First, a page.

His Presence is the Comfort

No comments

Praise be to the God and Father of our Lord Jesus Christ, the Father of compassion and the God of all comfort, who comforts us in all our troubles.
2 Corinthians 1:3-4a

Elijah was one of the Lord’s passionate prophets of the Old Testament. While many Israelites during that time began serving Baal, an idol, Elijah remained firm in conviction and challenged them to return to the One True God. He called fire down from heaven. He earnestly prayed for the end of a long drought and it began to rain. (I Kings 18) He gave of himself physically, emotionally, and spiritually, leaving his soul depleted and fatigued. He needed rest and restoration but Queen Jezebel was threatening to kill him.

Elijah was afraid and ran for his life. When he came to Beersheba in Judah, he left his servant there, while he himself went a day’s journey into the wilderness. He came to a broom bush, sat down under it and prayed that he might die. “I have had enough, Lord,” he said. “Take my life; I am no better than my ancestors.” Then he lay down under the bush and fell asleep. (I Kings 19:2-5)

Elijah was ready to throw in the towel. Spending his life as a prophet for the Lord seemed pointless in that moment. Have you ever felt that way? Perhaps you’ve tried to do right by God in many aspects of your life but continue to wait for that coveted blessing. Like Elijah, our wounded, hurting hearts needed comfort. We need relief from the pain.

An angel tended to Elijah in the wilderness, giving him food and water. He rested. Then he got up and traveled for forty days and forty nights, reaching a cave at Horeb, the mountain of God, before resting again. It was there, in a chilly, damp cavern where he expresses the ache in his heart:

And the word of the Lord came to him: “What are you doing here, Elijah?” He replied, “I have been very zealous for the Lord God Almighty. The Israelites have rejected your covenant, torn down your altars, and put your prophets to death with the sword. I am the only one left, and now they are trying to kill me too.” (I Kings 19:9b-10)

Was everything he had done been for nothing? Would God hold up His end of the bargain? It would be reasonable and understandable if Elijah wondered these questions – I know I have. It’s frustrating to dedicate time and energy to the Lord’s calling without seeing the fruits of our labor.

Elijah was ready to walk away at this point. What could God possibly say to change his mind?

The Lord said, “Go out and stand on the mountain in the presence of the Lord, for the Lord is about to pass by.” Then a great and powerful wind tore the mountains apart and shattered the rocks before the Lord, but the Lord was not in the wind. After the wind there was an earthquake, but the Lord was not in the earthquake. After the earthquake came a fire, but the Lord was not in the fire. And after the fire came a gentle whisper. When Elijah heard it, he pulled his cloak over his face and went out and stood at the mouth of the cave. (I Kings 19:11-13)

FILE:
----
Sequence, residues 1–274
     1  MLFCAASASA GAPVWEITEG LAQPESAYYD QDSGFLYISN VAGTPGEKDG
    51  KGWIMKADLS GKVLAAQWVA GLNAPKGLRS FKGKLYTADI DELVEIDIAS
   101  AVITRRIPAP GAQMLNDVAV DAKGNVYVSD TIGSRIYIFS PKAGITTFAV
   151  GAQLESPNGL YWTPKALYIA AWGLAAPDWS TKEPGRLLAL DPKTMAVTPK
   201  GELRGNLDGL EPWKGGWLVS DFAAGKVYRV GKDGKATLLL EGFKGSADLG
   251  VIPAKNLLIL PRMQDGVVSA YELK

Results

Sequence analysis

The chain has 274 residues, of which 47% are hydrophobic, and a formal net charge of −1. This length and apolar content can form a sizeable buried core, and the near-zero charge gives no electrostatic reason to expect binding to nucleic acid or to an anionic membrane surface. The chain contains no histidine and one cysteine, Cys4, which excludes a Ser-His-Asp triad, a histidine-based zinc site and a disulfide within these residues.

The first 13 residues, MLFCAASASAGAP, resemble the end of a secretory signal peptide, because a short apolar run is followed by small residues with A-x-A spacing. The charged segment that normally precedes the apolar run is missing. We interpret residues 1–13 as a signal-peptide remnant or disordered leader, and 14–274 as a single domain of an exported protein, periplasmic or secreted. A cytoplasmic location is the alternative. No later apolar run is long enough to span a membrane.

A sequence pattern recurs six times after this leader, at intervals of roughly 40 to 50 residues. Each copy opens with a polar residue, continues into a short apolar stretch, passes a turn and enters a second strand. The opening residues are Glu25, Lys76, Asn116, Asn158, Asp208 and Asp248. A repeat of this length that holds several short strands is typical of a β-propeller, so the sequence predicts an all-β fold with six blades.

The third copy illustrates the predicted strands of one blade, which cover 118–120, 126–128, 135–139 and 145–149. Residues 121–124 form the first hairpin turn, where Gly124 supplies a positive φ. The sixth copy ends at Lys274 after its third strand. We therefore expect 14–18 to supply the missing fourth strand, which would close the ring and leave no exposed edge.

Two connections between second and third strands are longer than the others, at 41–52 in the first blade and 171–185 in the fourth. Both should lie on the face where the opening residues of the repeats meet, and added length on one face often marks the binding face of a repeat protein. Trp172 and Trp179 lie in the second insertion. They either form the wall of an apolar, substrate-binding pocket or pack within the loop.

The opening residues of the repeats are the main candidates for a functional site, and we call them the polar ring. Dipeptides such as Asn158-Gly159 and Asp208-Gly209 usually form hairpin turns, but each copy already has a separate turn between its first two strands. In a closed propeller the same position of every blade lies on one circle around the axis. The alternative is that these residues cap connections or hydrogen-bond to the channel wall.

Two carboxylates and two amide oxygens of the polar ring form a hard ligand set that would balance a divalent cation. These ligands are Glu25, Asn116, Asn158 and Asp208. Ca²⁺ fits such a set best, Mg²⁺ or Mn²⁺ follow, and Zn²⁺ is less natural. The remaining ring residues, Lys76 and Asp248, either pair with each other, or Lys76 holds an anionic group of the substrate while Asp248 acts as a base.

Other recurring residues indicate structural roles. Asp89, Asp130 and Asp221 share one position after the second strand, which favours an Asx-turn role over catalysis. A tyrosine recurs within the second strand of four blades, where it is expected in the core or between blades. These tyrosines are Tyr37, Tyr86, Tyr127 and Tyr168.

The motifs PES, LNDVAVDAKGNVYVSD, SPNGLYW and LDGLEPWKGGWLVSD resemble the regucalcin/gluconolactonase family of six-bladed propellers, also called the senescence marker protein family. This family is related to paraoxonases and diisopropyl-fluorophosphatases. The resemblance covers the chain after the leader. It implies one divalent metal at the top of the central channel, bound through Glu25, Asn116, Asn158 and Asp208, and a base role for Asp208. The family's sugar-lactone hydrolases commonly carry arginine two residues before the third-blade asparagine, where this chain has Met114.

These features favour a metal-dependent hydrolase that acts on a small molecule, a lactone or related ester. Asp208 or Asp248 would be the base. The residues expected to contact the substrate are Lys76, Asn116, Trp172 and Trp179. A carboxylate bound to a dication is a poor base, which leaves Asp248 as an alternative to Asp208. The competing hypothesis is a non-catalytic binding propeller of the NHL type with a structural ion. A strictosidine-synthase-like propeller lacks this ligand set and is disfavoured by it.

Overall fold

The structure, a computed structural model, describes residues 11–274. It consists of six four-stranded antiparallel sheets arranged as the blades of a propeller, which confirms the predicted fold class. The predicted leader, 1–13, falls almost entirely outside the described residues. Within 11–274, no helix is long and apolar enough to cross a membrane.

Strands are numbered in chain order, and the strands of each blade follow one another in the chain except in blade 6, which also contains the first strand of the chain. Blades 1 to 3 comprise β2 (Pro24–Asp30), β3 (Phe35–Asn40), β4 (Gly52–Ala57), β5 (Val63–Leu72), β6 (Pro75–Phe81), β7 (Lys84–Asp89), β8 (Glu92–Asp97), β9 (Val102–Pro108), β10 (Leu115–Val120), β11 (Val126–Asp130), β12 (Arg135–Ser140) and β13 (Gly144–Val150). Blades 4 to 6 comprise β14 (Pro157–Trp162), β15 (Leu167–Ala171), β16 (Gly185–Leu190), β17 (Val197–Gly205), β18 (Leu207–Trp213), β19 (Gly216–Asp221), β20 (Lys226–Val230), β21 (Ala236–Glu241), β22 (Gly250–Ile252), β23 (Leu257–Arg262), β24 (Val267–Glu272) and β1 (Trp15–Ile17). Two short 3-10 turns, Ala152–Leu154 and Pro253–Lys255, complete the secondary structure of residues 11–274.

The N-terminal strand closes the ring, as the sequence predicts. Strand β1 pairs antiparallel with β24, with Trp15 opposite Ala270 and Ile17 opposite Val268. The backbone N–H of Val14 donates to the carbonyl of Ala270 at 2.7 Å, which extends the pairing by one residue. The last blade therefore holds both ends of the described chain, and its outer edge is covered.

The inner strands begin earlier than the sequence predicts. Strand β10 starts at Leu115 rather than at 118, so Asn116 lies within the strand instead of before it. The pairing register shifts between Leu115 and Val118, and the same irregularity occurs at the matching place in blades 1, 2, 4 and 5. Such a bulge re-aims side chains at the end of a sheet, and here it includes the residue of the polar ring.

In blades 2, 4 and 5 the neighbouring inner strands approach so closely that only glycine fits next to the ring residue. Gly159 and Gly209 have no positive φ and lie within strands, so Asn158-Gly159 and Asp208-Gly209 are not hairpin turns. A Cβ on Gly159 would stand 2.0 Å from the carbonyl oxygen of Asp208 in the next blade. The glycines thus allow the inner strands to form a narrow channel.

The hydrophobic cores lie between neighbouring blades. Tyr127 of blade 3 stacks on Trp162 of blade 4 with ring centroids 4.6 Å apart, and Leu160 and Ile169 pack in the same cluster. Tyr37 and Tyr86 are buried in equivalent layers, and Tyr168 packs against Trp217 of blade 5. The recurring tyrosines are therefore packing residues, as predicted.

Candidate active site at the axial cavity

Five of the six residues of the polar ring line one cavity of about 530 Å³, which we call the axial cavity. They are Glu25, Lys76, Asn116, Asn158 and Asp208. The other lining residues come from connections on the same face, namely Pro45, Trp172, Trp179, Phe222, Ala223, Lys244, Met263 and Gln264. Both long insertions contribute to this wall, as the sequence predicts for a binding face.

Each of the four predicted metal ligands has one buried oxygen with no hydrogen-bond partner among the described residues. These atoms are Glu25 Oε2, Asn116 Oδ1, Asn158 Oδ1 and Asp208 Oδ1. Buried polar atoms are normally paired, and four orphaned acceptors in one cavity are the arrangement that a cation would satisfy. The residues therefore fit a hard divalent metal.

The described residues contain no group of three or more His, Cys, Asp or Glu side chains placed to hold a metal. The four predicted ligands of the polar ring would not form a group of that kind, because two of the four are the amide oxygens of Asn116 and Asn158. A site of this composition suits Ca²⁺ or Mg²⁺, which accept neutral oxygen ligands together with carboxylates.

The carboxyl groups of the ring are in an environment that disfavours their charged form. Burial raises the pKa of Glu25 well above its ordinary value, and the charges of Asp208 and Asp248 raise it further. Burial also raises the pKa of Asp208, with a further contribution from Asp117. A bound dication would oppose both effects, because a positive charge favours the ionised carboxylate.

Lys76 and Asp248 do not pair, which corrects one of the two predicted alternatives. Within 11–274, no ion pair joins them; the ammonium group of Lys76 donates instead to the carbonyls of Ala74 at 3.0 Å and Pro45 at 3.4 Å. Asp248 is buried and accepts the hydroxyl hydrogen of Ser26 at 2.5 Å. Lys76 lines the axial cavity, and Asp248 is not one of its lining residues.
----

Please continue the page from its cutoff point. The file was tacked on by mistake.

What could God possibly say to change Elijah’s mind? Nothing. Because God doesn’t need words. His presence provides the comfort we need to keep going.

Matthew Henry comments, “Gracious souls are more often affected by the tender mercies of the Lord than by His terrors. The Lord could have spoken within the fierce wind, earthquake or fire. But instead, He chose a gentle whisper. In that moment, Elijah needed to be redirected to the mission at hand, but not before he reconnects with how much the Lord cares for him.”

Living for God can be exhausting. It’s ok to need a break. When faced with discouraging opposition, fear and anxiety may follow. It’s ok to want to run away. But the best part is that God will always meet us right where we are. He may not change our circumstances or tell us what we want to hear, but He wraps our frazzled souls in the soothing warmth of His presence. He renews and restores our heart’s passion to serve Him.

And that’s all the comfort Elijah needed.

Leave a Reply

Fill in your details below or click an icon to log in:

WordPress.com Logo

You are commenting using your WordPress.com account. Log Out /  Change )

Google photo

You are commenting using your Google account. Log Out /  Change )

Twitter picture

You are commenting using your Twitter account. Log Out /  Change )

Facebook photo

You are commenting using your Facebook account. Log Out /  Change )

Connecting to %s